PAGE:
Astronomers believe that many planets – including our own solar system – emerged from giant disks of gas and dust spinning around stars. To understand these cosmic mechanisms, researchers have typically used simulations to separately examine planetary development and magnetic field formation. Now, new work by researchers from the University of Zurich and the University of Cambridge has unified these fields of study in a single simulation for the first time ever.
Researchers knew that planets likely formed as a result of gravitational instabilities in the disks that allowed particles to congeal together, slowly forming planets over hundreds of thousands of years. With the new study, the research team aimed to examine the effects that magnetic fields have on planet formation in the context of those gravitational instabilities.
To do that, they modified a hybrid mesh-particle method that calculated the mass and gravity using particles, creating a “virtual adaptive mesh” that allowed the researchers to simultaneously incorporate magnetic fields, fluid dynamics and gravity.
Applying that method required supercomputing power. The researchers turned to Piz Daint, the in-house Cray supercomputer of the Swiss National Supercomputing Centre (CSCS). Piz Daint’s 5,704 XC50 nodes each pack an Intel Xeon E5-2690 v3 CPU and an Nvidia Tesla P100 GPU, and its 1,813 XC40 nodes each carry two Intel Xeon E5-2695 v4 CPUs. The two sections stack up at 21.2 Linpack petaflops and 1.9 Linpack petaflops respectively, placing 6th and 185th on the most recent Top500 list of the world’s most powerful supercomputers.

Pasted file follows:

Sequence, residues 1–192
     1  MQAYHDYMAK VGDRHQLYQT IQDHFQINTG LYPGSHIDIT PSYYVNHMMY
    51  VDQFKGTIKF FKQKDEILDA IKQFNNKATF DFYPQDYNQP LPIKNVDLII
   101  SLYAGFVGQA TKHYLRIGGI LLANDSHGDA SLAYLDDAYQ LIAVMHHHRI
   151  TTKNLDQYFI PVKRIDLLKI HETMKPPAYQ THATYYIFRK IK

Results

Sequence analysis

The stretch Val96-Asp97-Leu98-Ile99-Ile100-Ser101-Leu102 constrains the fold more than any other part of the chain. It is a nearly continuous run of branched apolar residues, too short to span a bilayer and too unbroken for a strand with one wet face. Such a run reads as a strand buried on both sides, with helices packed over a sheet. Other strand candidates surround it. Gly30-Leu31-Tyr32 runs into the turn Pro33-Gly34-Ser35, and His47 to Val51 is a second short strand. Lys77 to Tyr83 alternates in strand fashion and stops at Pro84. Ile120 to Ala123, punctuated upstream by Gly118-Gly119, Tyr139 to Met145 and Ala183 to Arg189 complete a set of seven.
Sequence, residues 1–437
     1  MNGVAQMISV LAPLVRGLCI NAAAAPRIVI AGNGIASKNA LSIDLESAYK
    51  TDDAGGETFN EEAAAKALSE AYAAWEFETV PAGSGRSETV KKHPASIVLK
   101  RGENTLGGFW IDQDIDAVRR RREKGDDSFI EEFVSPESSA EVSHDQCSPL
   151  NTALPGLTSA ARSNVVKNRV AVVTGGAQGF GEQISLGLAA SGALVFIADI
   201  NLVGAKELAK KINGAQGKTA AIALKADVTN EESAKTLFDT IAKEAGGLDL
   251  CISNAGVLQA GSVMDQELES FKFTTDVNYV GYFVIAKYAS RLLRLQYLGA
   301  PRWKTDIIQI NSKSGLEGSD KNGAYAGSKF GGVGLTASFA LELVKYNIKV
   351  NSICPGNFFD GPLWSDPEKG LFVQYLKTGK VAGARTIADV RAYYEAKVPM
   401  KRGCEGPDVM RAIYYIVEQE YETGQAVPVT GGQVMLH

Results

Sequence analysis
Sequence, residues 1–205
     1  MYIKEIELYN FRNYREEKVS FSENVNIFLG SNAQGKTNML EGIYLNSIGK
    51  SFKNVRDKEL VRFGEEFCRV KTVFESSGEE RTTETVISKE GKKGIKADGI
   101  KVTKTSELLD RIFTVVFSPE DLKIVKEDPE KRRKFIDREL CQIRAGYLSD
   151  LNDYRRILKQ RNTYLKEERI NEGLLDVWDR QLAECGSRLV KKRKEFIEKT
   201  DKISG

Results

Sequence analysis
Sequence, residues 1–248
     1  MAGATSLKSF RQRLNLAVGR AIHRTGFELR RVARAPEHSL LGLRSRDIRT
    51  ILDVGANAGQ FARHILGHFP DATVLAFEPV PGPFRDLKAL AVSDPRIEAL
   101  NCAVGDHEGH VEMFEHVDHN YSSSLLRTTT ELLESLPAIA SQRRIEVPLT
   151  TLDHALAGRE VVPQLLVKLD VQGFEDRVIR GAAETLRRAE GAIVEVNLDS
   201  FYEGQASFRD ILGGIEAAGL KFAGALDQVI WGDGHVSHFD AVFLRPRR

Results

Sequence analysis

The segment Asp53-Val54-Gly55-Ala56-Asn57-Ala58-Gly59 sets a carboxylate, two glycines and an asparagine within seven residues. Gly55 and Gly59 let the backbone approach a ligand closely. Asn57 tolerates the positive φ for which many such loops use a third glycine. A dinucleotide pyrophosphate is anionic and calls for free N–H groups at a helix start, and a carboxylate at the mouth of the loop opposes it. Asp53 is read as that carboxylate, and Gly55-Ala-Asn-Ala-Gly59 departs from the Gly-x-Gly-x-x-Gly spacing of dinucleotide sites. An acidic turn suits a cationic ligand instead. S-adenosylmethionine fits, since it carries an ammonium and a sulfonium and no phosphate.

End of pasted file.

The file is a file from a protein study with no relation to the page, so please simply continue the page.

After running the simulations on Piz Daint, the researchers got some very interesting results. For some time, the astronomy community has puzzled over why planets spin slower than the disks from which they were born. But now, it seems, they might have their answer.
“Our new mechanism seems to be able to solve and explain this very general problem,” said Lucio Mayer, professor of computational astrophysics at the University of Zurich and project manager at the National Centre of Competence in Research PlanetS.
“The simulation shows that the energy generated by the interaction of the forming magnetic field with gravity acts outwards and drives a wind that throws matter out of the disk,” Mayer said. “If this is true, this would be a desirable prediction, because many of the protoplanetary disks studied with telescopes that are a million years old have about 90 percent less mass than predicted by the simulations of disks formation so far.”
The researchers believe that that matter-ejecting mechanism is the culprit behind the loss of angular momentum in the disks and, ultimately, the planets they birth. The discovery of this mechanism, of course, was only made possible by conducting their unified simulation on Piz Daint.
To read CSCS’ Simone Ulmer’s article discussing this research, click here.
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